The ILYOS Australian Hard Rock Hall of Fame - Round 2

So we covered the big guns first time round yeah? But, here’s another 20 for you.

Don’t say we never listen!! We got a great and varied response to our Aussie Hard Rock Hall of Fame post from a month ago.   

We covered the big guns first time round yeah? But as you made plenty clear in your comments, there are loads of other bands that many of you would love to see get a guernsey. And who are we to argue with that? So here’s another 20 for you.

Which, after straining our brains for some time,  we’ve decided to call the AUSSIE HARD ROCK HALL OF FAME, ROUND 2! Enjoy.

Sweet Jayne

We’ll start with a band that none of you mentioned (we’re like that sometimes), but who were certainly trailblazers. Melbourne’s Sweet Jayne were an all-girl hard rock band when such things were basically unheard of. They formed in 1975 – the year before the Runaways’ first album came out. They preceded England’s slightly like-minded Girlschool, a band that Sweet Jayne guitarist Cris Bonacci ended up joining, by closer to three years.

Sweet Jayne sadly never made an album, but they did release a couple of indie 7”’s and a tape back in the day, and they had a dedicated following. Check out this tune from 1980. How’s this for a gutsy and ahead of its time lyric – “I know a man who I used to find attractive/until I found out he was physically destructive”

The Hitmen

One of the great shouldabeens on the Sydney scene in the late ‘70s and early ‘80s, the Hitmen formed out of the ashes of Radio Birdman and gave members, in turn, to the Hoodoo Gurus and Screaming Tribesmen. They were basically a commercialisation of the high energy style that Birdman developed, but in the end they remained obstinate and went down in flames. They remain loved by a core of fans though; their reputation is such that they keep reforming. Indeed their first new studio recordings in decades, a mini-LP of favourite covers including the Sex Pistols and the Dictators, is in fact out this week. Check out their new single, a great cover of the Flamin’ Groovies’ “Shake Some Actionhere, and their classic near-hit ‘I Don’t Mind”, from their classic Mark Opitz-produced first album from 1981, here.

The Radiators 

These guys had the suburban Sydney audience that the Hitmen strived for, and they achieved it by playing music that was vulgar and raunchy enough for the fellas and with an occasional glimmer of sensitivity and romance to keep the girls interested.  “Roomful of Diamonds” combined the two and you get the feeling that singer Brian Nichol wore his rugby jersey in the film clip because he didn’t want seem too soft.

You Am I 

They’re many things – glorious mod-rock wannabes included – but You Am I have a soulful hard rock streak in their post-grunge hearts, which we think is why they’re loved by so many. “Adam’s Ribs” has them getting their rocks off early on and is a ripper tune.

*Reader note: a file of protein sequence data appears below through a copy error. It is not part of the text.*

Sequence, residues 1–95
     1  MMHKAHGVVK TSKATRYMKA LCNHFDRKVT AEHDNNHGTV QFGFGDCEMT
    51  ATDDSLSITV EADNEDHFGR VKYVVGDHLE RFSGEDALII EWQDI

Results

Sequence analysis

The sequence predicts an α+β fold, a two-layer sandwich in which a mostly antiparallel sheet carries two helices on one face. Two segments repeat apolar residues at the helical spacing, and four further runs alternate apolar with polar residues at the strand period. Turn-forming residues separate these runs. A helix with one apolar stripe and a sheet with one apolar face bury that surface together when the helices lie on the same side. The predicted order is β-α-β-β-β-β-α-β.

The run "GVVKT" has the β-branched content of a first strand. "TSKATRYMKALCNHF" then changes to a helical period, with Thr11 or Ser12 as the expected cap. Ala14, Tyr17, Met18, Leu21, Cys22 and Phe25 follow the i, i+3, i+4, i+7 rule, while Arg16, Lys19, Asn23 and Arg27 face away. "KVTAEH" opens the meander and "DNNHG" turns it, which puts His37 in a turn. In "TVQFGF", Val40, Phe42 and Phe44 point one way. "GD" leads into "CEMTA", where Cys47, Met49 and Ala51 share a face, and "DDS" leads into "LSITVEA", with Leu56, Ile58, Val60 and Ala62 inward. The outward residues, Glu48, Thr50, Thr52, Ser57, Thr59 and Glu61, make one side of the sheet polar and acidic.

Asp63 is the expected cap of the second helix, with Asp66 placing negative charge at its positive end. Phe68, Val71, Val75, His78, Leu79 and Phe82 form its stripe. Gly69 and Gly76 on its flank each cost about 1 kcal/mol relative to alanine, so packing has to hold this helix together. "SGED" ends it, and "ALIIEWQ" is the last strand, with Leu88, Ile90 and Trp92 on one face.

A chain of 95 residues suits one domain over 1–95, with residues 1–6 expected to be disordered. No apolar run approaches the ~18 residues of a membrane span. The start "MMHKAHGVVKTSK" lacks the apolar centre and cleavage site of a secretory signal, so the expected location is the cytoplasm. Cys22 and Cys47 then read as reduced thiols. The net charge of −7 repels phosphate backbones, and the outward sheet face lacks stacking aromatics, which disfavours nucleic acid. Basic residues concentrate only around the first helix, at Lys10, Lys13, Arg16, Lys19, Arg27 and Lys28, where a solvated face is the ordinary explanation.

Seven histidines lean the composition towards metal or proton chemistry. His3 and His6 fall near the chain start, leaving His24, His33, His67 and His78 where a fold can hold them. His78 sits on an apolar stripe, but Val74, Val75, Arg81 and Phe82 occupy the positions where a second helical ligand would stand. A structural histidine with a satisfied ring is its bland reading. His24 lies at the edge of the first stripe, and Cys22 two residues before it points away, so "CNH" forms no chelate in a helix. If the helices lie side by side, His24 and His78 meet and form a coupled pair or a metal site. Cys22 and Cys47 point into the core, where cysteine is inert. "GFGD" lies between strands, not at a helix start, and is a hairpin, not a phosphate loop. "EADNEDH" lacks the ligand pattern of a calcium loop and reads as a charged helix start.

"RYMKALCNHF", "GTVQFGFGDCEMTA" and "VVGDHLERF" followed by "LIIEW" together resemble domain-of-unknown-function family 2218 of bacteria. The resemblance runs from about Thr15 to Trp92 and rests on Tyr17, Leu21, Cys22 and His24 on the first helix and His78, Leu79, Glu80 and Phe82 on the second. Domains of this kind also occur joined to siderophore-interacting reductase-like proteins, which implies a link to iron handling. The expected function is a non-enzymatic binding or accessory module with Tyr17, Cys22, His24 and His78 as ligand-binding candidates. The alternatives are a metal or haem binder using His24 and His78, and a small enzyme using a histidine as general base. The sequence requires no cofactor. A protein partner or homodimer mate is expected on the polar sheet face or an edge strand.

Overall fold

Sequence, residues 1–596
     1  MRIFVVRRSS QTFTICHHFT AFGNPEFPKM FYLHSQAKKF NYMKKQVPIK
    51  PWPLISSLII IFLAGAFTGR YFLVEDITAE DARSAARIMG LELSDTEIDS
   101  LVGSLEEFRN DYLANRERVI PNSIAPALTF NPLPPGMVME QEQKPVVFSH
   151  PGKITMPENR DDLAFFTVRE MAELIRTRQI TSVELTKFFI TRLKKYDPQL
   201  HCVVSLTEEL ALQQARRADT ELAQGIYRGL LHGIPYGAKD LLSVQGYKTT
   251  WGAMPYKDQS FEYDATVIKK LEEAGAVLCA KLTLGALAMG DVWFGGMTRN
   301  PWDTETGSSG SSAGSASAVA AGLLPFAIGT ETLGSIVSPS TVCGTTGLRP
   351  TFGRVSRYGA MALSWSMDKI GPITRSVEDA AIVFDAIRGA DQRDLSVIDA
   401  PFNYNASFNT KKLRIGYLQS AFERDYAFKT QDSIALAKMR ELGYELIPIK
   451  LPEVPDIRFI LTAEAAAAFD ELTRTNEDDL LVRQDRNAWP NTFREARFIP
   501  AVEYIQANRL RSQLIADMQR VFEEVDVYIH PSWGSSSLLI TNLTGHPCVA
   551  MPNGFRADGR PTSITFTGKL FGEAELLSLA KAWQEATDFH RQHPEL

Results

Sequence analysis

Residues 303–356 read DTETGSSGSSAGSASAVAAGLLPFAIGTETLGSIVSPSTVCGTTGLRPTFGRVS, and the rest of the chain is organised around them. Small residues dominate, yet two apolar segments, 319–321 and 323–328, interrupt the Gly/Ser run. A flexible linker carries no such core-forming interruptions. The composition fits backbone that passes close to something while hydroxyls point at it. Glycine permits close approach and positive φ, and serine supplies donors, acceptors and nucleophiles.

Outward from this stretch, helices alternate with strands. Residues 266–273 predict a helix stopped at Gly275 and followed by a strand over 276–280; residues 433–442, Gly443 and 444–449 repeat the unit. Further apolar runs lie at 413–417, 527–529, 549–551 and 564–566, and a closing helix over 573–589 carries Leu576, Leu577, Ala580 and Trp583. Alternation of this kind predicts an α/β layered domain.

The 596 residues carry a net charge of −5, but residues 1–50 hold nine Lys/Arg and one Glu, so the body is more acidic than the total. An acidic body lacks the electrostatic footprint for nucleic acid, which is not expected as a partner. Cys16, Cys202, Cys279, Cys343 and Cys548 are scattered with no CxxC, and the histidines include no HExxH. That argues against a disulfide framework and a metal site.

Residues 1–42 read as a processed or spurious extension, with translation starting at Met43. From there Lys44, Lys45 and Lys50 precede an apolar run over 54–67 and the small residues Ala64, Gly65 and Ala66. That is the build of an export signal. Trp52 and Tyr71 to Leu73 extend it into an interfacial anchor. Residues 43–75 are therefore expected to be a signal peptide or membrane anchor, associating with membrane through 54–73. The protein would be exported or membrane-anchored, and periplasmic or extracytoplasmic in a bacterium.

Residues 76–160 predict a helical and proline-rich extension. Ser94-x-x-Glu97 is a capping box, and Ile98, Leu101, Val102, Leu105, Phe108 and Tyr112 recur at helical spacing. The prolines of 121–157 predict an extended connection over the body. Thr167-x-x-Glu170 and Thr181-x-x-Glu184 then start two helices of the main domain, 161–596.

Dallas Crane

A Melbourne outfit who were championed by You Am I a lot in the ‘90s, the Crane had the honour of being the first new band signed to Alberts in yonks when they signed up in 2003. They never really took off, but the single “Dirty Hearts” is an Alberts classic we reckon – check it out.

The Bombers

Something of an international hard rock supergroup, the Bombers surprisingly crashed and burned fairly quickly on the cusp of the ‘90s but some fans still remember. Centered around ex-pat ex-Status Quo bass player Alan Lancaster and featuring the Angels’ John Brewster, the band actually span off the Party Boys and scored a massive international deal but the timing must’ve been wrong or something….  

X

Coming into the hard rock arena by virtue of bass player Ian Rilen’s days in the original Rose Tattoo line-up (Ian wrote “Bad Boy For Love”), X were big on the Sydney punk scene and became in the ‘80s one of the biggest alternative bands in the country. Their music was hard rock’n’roll pared back to its very essence, and their songs revealed the sort of real ugliness and squalor that most bands were afraid to touch on. “Degenerate Boy” which was later a minor hit for the Mark of Cain, is built on a lazily abbreviated Led Zeppelin riff and is an absolute ball tearer of a song.

Silverchair

From pubescent Nirvana wannabes to musically ambitious world-beaters, Silverchair pushed themselves hard and for a while, their Daniel Johns seemed in danger of becoming a Cobain-like casualty.  “Tomorrow” is as anthemic and powerful as anything by any of the other successful grunge and post-grunge bands like Pearl Jam or Stone Temple Pilots.

Celibate Rifles

From a band influenced by the Sounds of Seattle to a band that influenced those sounds in the first place. The Rifles’ pedal-to-the-metal, no bullshit and – thanks to singer and lyricist Damien Lovelock - wryly intelligent hard rock took a few leaves from the Saints and Radio Birdman’s books, and became the subject of international acclaim in the mid-to-late ‘80s.  Known and loved for their occasional off-the-wall cover version (we’re particularly fond of their version of JPY’s "Where The Action Is”), here we present the closest thing they had to a hit.

Spiderbait

Singing drummer Kram, who is very much the face of Spiderbait, comes across as a wild and woolly rocker type and you just know he digs a bit of Thorpie and a bit of the Cosmic Psychos, even though he sometimes sings in a funny voice. Indeed, the Psychos were no doubt a key influence on these guys, along with other earlier Melbourne grungy rockers like God and Bored, although maybe it’s the likes of Ministry who inspired their pumping cover of “Black Betty”. (Interestingly enough, Ministry covered the same song themselves some years later.)